Effect of feeding a DHA-enriched nutriceutical on the quality of fresh, cooled and frozen stallion semen
Department of Large Animal Medicine and Surgery, College of Veterinary Medicine, Texas A&M University, College Station, TX 77843-4475, USA.Theriogenology (Impact Factor: 1.8). 04/2005; 63(5):1519-27. DOI: 10.1016/j.theriogenology.2004.07.010
Eight stallions were used in 2 x 2 crossover study to determine if feeding a nutriceutical rich in docosahexaenoic acid (DHA) would improve semen quality. Stallions were randomly assigned to one of two treatment groups (n = 4 per group). Stallions were fed their normal diet (control) or their normal diet top-dressed with 250 g of a DHA-enriched nutriceutical. Feeding trials lasted for 14 week, after which a 14-week washout period was allowed and the treatment groups were reversed for another 14 week feeding trial. Feeding the nutriceutical resulted in a three-fold increase in semen DHA levels and 50% increase in the ratio of DHA to DPA in semen. Sperm motion characteristics in fresh semen were unaffected by treatment. After 24 h of cooled semen storage in an Equitainer, total and progressive motility did not differ between treatment groups, but sperm from stallions fed the nutriceutical exhibited higher velocity and straighter projectory (P < 0.05). After 48 h of cooled storage, increases in the percentages of sperm exhibiting total motility (P = 0.07), progressive motility (P = 0.06) and rapid motility (P = 0.04), were observed when stallions were being fed the nutriceutical. For a subset of four stallions, whose progressive sperm motility was <40% after 24 h of cooled storage when fed the control diet, feeding the nutriceutical resulted in improvements in mean progressive motility of sperm after 24 h (P = 0.10) and 48 h (P = 0.03) of storage. Feeding the nutriceutical resulted in similar improvements in motion characteristics being observed in frozen-thawed semen. While it appears that feeding the nutriceutical may improve the motion characteristics of cool-stored stallion semen, it may be most beneficial for stallions of marginal fertility whose sperm do not tolerate the rigors of cooling and storage. The nutriceutical also appeared to improve the freezability of semen. More dramatic improvements in semen quality may be observed if modifications in the main fat content of the diet are incorporated with the DHA supplement.
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- "In the last fifteen years, in various feeding experiments DHA or its precursors have been supplied to change the fatty acid composition of sperm membrane in order to improve sperm quality and fertility. Several different studies revealed that the fatty acid profile of sperm membrane can be modified with diet and, thus, improvement in sperm quality was demonstrated in a variety of livestock species including chicken (Zaniboni et al., 2006), turkey (Blesbois et al., 2004), boar (Maldjian et al., 2005); buffalo (Adeel et al., 2009) and stallion (Brinsko et al., 2005). However, diets that contain more PUFAs are associated with impaired antioxidant capacity of animal tissues, blood, and semen (Surai et al., 2000a; Castellini et al., 2003). "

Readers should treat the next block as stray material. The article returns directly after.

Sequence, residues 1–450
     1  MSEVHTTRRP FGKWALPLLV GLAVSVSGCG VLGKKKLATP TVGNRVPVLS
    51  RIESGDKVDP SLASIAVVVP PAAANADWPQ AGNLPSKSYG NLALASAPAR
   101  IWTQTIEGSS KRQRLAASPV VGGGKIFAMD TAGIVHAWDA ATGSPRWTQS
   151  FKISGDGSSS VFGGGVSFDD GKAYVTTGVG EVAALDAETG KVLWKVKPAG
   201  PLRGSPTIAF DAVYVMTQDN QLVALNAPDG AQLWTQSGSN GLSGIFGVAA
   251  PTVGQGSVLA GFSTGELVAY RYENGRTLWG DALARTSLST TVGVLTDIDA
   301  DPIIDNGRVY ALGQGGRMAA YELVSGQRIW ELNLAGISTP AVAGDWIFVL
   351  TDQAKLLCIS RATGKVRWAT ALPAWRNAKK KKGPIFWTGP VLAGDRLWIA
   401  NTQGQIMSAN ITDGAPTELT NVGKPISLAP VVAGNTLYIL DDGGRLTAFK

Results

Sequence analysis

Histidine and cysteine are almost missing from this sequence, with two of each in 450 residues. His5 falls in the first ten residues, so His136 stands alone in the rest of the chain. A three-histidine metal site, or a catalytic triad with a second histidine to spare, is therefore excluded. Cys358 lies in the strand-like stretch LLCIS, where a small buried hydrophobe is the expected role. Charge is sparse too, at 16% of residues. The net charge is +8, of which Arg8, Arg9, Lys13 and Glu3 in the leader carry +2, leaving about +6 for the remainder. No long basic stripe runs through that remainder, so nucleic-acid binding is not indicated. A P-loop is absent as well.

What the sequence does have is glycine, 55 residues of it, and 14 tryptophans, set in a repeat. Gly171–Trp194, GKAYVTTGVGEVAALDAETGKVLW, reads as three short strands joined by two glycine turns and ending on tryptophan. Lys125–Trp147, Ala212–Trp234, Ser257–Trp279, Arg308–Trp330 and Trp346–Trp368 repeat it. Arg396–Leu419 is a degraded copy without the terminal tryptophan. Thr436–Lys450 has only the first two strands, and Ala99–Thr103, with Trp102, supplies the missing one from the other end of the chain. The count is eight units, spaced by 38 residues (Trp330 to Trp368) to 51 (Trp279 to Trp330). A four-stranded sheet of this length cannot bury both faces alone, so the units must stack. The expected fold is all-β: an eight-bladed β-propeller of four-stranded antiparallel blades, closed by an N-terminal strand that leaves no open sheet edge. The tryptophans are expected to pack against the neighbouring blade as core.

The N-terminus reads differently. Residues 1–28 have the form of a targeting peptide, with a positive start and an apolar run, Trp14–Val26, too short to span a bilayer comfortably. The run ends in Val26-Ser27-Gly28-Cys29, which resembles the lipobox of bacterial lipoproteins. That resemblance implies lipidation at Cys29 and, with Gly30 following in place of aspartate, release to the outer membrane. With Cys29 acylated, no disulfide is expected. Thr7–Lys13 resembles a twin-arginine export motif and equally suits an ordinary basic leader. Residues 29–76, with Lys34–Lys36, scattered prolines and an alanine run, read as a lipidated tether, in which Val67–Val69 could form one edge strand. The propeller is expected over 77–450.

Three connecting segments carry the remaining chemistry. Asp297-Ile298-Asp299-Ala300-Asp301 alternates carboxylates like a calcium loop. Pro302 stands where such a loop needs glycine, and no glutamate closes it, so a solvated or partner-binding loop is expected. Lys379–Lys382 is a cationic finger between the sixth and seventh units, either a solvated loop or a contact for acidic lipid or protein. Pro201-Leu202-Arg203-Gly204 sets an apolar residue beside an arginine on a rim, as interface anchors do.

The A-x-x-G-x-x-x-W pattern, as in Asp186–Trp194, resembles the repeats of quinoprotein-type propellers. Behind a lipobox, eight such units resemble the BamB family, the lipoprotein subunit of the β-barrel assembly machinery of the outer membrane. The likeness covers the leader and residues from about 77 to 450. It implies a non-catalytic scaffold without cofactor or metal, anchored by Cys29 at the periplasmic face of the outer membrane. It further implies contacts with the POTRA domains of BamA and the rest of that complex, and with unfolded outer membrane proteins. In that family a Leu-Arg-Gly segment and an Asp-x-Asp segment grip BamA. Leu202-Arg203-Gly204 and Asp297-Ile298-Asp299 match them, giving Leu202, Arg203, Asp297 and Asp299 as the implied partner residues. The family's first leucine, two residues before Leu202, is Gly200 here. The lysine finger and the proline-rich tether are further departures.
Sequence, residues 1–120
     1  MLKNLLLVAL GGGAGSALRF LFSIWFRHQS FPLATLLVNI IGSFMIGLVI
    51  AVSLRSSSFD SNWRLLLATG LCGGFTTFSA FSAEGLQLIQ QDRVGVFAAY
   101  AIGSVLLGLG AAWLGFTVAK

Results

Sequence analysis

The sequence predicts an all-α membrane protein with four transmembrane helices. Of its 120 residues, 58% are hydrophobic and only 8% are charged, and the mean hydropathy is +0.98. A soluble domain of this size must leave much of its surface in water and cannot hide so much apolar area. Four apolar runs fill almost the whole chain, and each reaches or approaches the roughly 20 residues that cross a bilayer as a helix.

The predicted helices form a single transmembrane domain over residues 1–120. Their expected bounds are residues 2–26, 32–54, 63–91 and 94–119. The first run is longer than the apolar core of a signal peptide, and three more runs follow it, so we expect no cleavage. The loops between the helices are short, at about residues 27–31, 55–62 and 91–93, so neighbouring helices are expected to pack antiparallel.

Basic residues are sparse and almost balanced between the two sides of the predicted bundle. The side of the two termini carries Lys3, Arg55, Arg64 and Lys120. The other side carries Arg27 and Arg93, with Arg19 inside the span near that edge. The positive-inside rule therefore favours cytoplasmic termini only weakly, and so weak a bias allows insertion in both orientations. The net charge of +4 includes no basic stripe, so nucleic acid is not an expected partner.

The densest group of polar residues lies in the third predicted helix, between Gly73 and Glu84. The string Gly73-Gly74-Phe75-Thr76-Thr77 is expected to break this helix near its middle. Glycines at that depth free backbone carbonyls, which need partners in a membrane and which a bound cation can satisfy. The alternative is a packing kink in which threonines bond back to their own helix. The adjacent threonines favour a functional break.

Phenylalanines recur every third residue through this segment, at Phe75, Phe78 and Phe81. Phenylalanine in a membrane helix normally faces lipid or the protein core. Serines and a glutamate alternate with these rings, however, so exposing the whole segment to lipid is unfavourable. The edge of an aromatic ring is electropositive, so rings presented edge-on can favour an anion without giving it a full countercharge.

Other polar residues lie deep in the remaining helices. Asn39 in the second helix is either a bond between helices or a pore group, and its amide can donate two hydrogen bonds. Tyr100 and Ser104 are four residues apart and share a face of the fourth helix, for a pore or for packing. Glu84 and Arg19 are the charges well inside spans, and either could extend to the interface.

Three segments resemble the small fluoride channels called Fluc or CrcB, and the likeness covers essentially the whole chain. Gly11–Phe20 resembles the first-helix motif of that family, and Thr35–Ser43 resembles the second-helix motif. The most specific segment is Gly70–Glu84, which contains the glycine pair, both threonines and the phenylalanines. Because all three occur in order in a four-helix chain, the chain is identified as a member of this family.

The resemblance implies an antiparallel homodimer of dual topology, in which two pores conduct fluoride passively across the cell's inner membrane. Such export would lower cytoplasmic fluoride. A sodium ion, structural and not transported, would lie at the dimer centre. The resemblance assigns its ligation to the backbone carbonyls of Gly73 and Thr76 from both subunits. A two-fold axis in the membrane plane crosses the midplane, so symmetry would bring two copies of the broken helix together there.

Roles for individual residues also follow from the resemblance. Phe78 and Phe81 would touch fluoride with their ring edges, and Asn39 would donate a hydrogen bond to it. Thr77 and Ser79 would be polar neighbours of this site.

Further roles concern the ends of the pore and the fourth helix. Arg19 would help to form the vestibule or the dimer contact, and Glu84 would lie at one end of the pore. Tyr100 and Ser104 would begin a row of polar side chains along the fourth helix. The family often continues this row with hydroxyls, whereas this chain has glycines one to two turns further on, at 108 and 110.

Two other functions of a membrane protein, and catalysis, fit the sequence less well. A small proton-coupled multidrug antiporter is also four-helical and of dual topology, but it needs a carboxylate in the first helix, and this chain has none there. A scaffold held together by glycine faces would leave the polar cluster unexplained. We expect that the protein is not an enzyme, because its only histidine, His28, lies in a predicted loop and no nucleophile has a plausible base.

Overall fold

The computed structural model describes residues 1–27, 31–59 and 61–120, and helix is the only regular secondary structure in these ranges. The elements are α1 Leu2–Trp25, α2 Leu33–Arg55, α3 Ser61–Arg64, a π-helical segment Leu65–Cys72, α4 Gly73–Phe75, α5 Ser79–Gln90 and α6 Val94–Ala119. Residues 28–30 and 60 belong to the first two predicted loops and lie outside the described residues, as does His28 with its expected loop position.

ABSTRACT: The aim of the present study was to examine the effects of feeding alpha-linolenic (ALA) acid on fatty acid composition and quality of bovine sperm and on antioxidative capacity of seminal plasma. Nine bulls (ALA bulls) were fed with 800g rumen-resistant linseed oil with a content of 50% linolenic acid and eight bulls with 400g palmitic acid (PA bulls). Sperm quality was evaluated for plasma membrane and acrosome intact sperm (PMAI), the amount of membrane lipid peroxidation (LPO), and the percentage of sperm with a high DNA fragmentation index (DFI). Fatty acid content of sperm was determined using gas chromatography. Total antioxidant capacity, glutathione peroxidase, and superoxide dismutase activity were determined in seminal plasma. Feeding ALA increased (P<0.05) the docosahexaenoic acid (DHA) content in bulls whereas in PA bulls did not change. PMAI increased after cryopreservation in ALA bulls as well as in PA bulls during the experiment period (P<0.005). LPO of sperm directly after thawing did not change during the study period in ALA group, but decreased in PA group (P<0.006). After 3h of incubation LPO increased in the ALA group (P<0.02), while LPO did not differ between phases within groups. In conclusion, feeding of neither saturated nor polyunsaturated fatty acids affect the antioxidant levels in seminal plasma. Both saturated as well as polyunsaturated fatty acids had positive effects on quality of cryopreserved bovine sperm, although the content of docosahexaenoic acid in sperm membranes increased only in ALA bulls. Copyright © 2015 Elsevier B.V. All rights reserved.Animal reproduction science 08/2015; 160. DOI:10.1016/j.anireprosci.2015.07.010 · 1.51 Impact Factor